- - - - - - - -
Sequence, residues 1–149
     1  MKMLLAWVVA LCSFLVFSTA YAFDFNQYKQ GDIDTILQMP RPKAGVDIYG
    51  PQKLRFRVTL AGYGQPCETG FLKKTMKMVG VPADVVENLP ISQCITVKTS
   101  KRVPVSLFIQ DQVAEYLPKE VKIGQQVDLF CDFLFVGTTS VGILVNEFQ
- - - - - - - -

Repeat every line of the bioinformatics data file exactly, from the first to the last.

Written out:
Sequence, residues 1–149
     1  MKMLLAWVVA LCSFLVFSTA YAFDFNQYKQ GDIDTILQMP RPKAGVDIYG
    51  PQKLRFRVTL AGYGQPCETG FLKKTMKMVG VPADVVENLP ISQCITVKTS
   101  KRVPVSLFIQ DQVAEYLPKE VKIGQQVDLF CDFLFVGTTS VGILVNEFQ